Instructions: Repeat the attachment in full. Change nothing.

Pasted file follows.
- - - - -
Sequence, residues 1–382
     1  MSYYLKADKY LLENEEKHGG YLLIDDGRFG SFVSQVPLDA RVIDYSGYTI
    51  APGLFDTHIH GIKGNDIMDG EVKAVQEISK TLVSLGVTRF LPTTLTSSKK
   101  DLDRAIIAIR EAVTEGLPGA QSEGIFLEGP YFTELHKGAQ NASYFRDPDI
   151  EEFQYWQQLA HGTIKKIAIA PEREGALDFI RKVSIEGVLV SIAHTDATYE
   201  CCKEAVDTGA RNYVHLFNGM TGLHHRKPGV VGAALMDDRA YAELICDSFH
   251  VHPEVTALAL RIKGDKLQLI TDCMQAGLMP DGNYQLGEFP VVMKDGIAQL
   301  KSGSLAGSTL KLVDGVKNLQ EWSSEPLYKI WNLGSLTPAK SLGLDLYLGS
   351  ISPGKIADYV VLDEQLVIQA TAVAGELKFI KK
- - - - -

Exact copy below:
Sequence, residues 1–382
     1  MSYYLKADKY LLENEEKHGG YLLIDDGRFG SFVSQVPLDA RVIDYSGYTI
    51  APGLFDTHIH GIKGNDIMDG EVKAVQEISK TLVSLGVTRF LPTTLTSSKK
   101  DLDRAIIAIR EAVTEGLPGA QSEGIFLEGP YFTELHKGAQ NASYFRDPDI
   151  EEFQYWQQLA HGTIKKIAIA PEREGALDFI RKVSIEGVLV SIAHTDATYE
   201  CCKEAVDTGA RNYVHLFNGM TGLHHRKPGV VGAALMDDRA YAELICDSFH
   251  VHPEVTALAL RIKGDKLQLI TDCMQAGLMP DGNYQLGEFP VVMKDGIAQL
   301  KSGSLAGSTL KLVDGVKNLQ EWSSEPLYKI WNLGSLTPAK SLGLDLYLGS
   351  ISPGKIADYV VLDEQLVIQA TAVAGELKFI KK